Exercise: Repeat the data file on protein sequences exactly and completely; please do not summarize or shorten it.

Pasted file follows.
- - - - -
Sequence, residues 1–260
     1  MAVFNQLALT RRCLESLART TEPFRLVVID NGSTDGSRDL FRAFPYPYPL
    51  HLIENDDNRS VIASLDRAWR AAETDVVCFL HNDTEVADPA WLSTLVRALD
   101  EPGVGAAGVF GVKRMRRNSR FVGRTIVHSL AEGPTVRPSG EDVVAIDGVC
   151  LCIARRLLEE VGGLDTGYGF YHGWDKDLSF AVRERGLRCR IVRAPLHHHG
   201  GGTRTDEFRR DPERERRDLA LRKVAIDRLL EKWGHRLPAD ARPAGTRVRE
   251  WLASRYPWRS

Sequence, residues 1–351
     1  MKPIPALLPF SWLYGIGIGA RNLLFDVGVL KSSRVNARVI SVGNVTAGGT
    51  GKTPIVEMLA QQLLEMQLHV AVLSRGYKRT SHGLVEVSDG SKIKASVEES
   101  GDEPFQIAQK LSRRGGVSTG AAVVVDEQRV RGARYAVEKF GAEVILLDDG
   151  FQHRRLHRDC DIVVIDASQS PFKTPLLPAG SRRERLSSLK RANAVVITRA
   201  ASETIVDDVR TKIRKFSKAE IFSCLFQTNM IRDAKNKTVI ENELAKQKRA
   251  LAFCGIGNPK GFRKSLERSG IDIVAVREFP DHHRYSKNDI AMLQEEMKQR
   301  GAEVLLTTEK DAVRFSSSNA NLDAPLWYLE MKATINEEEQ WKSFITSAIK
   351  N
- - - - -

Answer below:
Sequence, residues 1–260
     1  MAVFNQLALT RRCLESLART TEPFRLVVID NGSTDGSRDL FRAFPYPYPL
    51  HLIENDDNRS VIASLDRAWR AAETDVVCFL HNDTEVADPA WLSTLVRALD
   101  EPGVGAAGVF GVKRMRRNSR FVGRTIVHSL AEGPTVRPSG EDVVAIDGVC
   151  LCIARRLLEE VGGLDTGYGF YHGWDKDLSF AVRERGLRCR IVRAPLHHHG
   201  GGTRTDEFRR DPERERRDLA LRKVAIDRLL EKWGHRLPAD ARPAGTRVRE
   251  WLASRYPWRS

Sequence, residues 1–351
     1  MKPIPALLPF SWLYGIGIGA RNLLFDVGVL KSSRVNARVI SVGNVTAGGT
    51  GKTPIVEMLA QQLLEMQLHV AVLSRGYKRT SHGLVEVSDG SKIKASVEES
   101  GDEPFQIAQK LSRRGGVSTG AAVVVDEQRV RGARYAVEKF GAEVILLDDG
   151  FQHRRLHRDC DIVVIDASQS PFKTPLLPAG SRRERLSSLK RANAVVITRA
   201  ASETIVDDVR TKIRKFSKAE IFSCLFQTNM IRDAKNKTVI ENELAKQKRA
   251  LAFCGIGNPK GFRKSLERSG IDIVAVREFP DHHRYSKNDI AMLQEEMKQR
   301  GAEVLLTTEK DAVRFSSSNA NLDAPLWYLE MKATINEEEQ WKSFITSAIK
   351  N